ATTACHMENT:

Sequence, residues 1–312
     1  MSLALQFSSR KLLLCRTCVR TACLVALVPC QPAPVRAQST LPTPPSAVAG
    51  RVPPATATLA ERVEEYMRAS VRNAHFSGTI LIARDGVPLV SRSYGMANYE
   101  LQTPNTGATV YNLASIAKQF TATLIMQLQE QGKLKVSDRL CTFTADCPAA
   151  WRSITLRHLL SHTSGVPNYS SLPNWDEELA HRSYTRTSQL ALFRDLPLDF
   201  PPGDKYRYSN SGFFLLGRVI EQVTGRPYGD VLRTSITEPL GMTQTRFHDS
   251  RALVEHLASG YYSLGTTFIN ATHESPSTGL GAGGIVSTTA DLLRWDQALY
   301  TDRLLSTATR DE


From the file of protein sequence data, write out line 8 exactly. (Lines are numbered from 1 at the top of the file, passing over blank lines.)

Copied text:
   301  TDRLLSTATR DE